A few days ago, I met a Frustrated Writer at a pizza place. This Frustrated Writer had written what he thought was a pretty good book, but it had been rejected by all the agents and publishers he’d queried. He was considering self-publishing, but complained that his book would never be successful because (and I quote) “the only way to sell books is to do signings at the major bookstores, and they don’t take self-published authors.”
This sentiment struck me as so ridiculously inaccurate that I choked on a mushroom. But the truth is, many would-be authors share this Frustrated Writer’s outdated assumptions about the book business: that brick-and-mortar stores are the most important outlet for book sales, that only traditionally-published authors are capable of going on book tours, and that in-person events like book signings are the most worthwhile and, let’s face it, glamorous use of a new author’s time and effort.
Nothing going on in the publishing industry today demonstrates the inaccuracy of these beliefs more than the fact that the Barnes & Noble chain of bookstores has recently been put up for sale.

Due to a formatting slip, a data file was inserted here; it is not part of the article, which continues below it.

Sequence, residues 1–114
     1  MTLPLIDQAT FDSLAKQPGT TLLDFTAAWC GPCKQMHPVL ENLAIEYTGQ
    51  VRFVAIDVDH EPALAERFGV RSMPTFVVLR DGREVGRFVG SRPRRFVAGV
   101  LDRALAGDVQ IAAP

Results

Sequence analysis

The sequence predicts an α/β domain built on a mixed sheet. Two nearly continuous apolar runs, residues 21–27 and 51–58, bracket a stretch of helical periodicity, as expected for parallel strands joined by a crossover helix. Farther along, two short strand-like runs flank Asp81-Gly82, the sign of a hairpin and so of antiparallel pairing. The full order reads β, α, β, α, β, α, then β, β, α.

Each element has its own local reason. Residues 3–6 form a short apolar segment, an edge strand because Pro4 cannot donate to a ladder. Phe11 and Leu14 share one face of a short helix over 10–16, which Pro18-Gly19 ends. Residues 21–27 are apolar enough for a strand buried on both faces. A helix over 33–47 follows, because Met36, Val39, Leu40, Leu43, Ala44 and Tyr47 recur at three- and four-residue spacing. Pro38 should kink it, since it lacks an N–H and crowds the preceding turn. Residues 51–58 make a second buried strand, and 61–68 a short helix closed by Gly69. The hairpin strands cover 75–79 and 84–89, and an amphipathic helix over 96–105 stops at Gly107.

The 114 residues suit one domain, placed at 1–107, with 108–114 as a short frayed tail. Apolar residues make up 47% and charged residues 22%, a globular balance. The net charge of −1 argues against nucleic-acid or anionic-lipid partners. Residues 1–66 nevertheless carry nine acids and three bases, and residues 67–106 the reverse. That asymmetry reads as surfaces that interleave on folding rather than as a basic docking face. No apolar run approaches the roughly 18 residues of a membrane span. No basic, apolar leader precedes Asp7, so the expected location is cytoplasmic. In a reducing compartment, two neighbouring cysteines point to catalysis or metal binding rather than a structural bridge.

Barnes & Noble has long been the biggest book retailer in the United States, with almost 800 stores across the country. Many of those stores will very likely close their doors in the next few years, and those that remain will devote more floor space to promoting the Nook, B&N’s e-reader device. In a few more years, there may be radically fewer brick-and-mortar bookstores at which people like Frustrated Writer can dream of doing book signings.
The “For Sale” sign on Barnes & Noble should be a red alert to writers everywhere that we need to update our assumptions about what it means to write, sell, and promote a book. A great blog can be a thousand times more effective than an expensive, inefficient, and (cover your ears, Frustrated Writer) totally unglamorous series of book signings, and having the right link to your e-book can generate more sales than having your book face-out on top of an (imperiled) Barnes & Noble shelf.
In the next few posts, I’ll talk about how writers can adapt and even thrive in the changing publishing climate. Until then, keep your ear to the ground. Hear that rumble? That’s the sound of brick-and-mortar model of book-selling tumbling down.